There is a misconception that home renovations for safety or disability need to be expensive.  While this can be true for large-scale projects, there are some quick-fix modifications that are small, but pack a punch.  Here is my top 10 pick of modifications you can make for under $100.

Offset Door Hinges – if the doors of your home just seem a bit too narrow1, consider that the width of the door, when open, makes the door opening smaller than it is.  Consider purchasing some recessed hinges that will allow your doors to swing as wide as your door frame, giving you an extra few inches to get through with a walker, wheelchair or commode.

Drawer Pulls – if knobs are too difficult to grasp, consider swapping your kitchen and bathroom hardware for U shaped pulls that require less fine motor grasp and control to open.

Easy Grip Shower Head – handheld shower heads are great for allowing people to sit to shower, or to reach difficult areas without bending and twisting, but for people with a reduced grasp, I love these Easy-Grip shower heads from Moen.

Grab Bars – these don’t need to look industrial or institutional and many colors and configurations exist.  One strategically placed grab bar can help you get out of the shower / tub or even on / off the toilet.  Consider the multi-use line from Moen that has grab bars with built in soap or toilet paper holders to help save space.  5

Threshold Ramps – these small ramps are portable and make it easier to transition over small thresholds that are often present at entry doors.   (

Lever Door Handles – sometimes grasping and turning a door handle can be a problem for people with arthritis or who have issues with fine motor control.  Swapping out some door knobs with lever-style handles is a quick fix to help promote someone’s ability to open and close doors themselves.

Removing Shower Doors – often shower doors can get in the way as we get older.  While some people use them to grab and hold, these have a threshold and limit the ability to use a bench or seat in the shower.  Removing the shower doors and replacing these with a curtain provides more versatility for equipment, makes it easier for a caregiver to help you shower, and is easier to clean and maintain.

Railings – installing a basic railing on any stair is an inexpensive way to greatly reduce the risk of falling when going up and down.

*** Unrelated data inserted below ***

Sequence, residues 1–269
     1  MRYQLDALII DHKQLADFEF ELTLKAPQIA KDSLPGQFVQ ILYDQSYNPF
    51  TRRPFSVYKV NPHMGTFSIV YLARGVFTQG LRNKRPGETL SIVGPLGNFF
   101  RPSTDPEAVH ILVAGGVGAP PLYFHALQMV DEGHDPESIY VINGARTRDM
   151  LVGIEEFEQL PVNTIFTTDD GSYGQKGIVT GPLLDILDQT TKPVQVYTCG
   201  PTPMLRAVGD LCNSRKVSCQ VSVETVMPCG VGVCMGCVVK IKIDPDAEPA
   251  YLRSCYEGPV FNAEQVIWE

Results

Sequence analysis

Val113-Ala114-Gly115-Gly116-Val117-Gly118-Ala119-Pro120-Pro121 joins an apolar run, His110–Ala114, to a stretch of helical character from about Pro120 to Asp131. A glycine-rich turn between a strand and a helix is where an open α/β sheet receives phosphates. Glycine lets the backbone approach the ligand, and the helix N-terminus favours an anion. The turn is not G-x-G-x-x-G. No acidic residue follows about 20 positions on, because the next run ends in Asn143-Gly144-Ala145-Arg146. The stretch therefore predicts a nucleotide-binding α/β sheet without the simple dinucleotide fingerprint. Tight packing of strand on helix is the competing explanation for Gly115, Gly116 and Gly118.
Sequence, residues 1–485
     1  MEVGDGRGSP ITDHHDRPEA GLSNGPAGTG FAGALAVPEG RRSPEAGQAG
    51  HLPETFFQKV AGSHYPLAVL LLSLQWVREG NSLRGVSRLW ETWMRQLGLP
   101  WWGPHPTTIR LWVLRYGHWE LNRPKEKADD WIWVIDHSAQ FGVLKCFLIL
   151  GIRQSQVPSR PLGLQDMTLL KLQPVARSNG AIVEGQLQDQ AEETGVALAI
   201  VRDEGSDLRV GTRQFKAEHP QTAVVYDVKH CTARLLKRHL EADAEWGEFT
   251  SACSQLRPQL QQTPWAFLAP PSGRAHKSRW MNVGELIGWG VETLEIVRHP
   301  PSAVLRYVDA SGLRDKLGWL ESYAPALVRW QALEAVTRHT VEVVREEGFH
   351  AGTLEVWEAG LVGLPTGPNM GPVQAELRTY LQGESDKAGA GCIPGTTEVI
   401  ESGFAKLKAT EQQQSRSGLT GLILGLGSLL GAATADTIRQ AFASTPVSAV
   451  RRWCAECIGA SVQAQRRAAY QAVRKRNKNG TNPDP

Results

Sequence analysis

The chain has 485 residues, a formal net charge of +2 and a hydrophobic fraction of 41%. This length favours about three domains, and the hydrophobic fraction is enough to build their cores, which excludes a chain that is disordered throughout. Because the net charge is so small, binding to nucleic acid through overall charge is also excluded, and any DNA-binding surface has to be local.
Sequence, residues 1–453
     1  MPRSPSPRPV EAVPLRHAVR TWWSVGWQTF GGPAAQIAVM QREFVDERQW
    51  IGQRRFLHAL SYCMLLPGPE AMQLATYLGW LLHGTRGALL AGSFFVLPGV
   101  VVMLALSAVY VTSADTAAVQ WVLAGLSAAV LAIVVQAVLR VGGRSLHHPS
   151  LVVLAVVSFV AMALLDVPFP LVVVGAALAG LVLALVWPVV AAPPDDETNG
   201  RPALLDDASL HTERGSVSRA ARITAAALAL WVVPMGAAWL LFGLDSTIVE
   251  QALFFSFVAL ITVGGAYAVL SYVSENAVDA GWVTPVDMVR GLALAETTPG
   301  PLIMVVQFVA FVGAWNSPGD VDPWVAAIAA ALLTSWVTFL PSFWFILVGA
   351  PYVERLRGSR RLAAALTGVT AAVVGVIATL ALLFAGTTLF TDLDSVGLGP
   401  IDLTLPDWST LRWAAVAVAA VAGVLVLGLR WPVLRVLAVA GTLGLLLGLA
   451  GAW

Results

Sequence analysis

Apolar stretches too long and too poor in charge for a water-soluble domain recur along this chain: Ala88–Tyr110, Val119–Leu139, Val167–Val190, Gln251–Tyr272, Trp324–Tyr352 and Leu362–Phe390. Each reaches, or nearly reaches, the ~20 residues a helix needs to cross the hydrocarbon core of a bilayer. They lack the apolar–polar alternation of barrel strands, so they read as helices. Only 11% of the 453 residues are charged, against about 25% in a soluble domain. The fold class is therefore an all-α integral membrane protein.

Adhesive Shower / Tub Strips – easy to install, these anti-slip strips give you added protection from falling when you are getting in / out or standing in the shower / tub with bare feet on a wet surface. Strips are easier to maintain and clean than a standard bath mat and stick better to the bottom of the tub / shower.

Shower Seats – with or without a back, these sturdy and often height-adjustable seats allow people with reduced endurance or balance problems to sit when showering.  Sitting means less chance of falling, which can cause injury.  The smaller seats are easy to remove for other people who want to use the shower as well.

Do you feel you need a more custom approach to addressing how you manage your activities at home?  Consider the services of an Occupational Therapist as we are the functional experts!


Financing Home Modifications

Julie Entwistle, MBA, BHSc (OT), BSc (Health / Gerontology)

The foundation of the profession of Occupational Therapy is creating Person-Environment-Occupation fit.  We call this our PEO model.  What it means is that optimal function arises from the best interaction of the person, their environment, and those “occupations” that are the daily tasks they need to complete.

So, if you are struggling to complete daily activities, or are feeling that you need more support to manage at home, or are worried you might get injured falling in or around your house, perhaps you need to consider, or are considering, home modifications.

But before you get scared at the thought of a large-scale renovation, it is important to recognize that home modifications can be as small as changing some door handles to as large as installing an elevator.   There is a continuum, and your capabilities, needs, and current environment will dictate a custom approach.  So, what is the process for understanding how home modification can help, and how can you possibly fund these?  I am glad you asked…

Perhaps I am biased, but in my opinion, the process should start with an occupational therapy assessment.  If you call a contractor for a quote to say, renovate your bathroom, he will provide you with the estimate you want.  But what the contractor won’t understand is the PERSON or the OCCUPATIONS that person is struggling to complete.  For example, if there are larger issues, or bigger problems lurking, is the contractor the right person to advise you on this?  What if there are ways to improve your safety in the washroom without engaging in a full renovation of the space?  An occupational therapist will be able to problem solve your concerns with you, while recommending multiple options to consider – from inexpensive to more costly.  The few hundred dollars you will pay the OT may just save you thousands in unnecessary renovation costs.